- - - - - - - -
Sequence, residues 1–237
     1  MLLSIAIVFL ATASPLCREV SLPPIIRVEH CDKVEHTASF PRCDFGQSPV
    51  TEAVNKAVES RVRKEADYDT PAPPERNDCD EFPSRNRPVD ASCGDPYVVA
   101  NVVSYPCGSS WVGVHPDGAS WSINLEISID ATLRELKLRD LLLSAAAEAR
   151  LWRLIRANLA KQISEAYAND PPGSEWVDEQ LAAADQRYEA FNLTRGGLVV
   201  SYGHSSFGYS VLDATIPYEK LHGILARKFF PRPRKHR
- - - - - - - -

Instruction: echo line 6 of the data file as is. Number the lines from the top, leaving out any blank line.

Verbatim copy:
   201  SYGHSSFGYS VLDATIPYEK LHGILARKFF PRPRKHR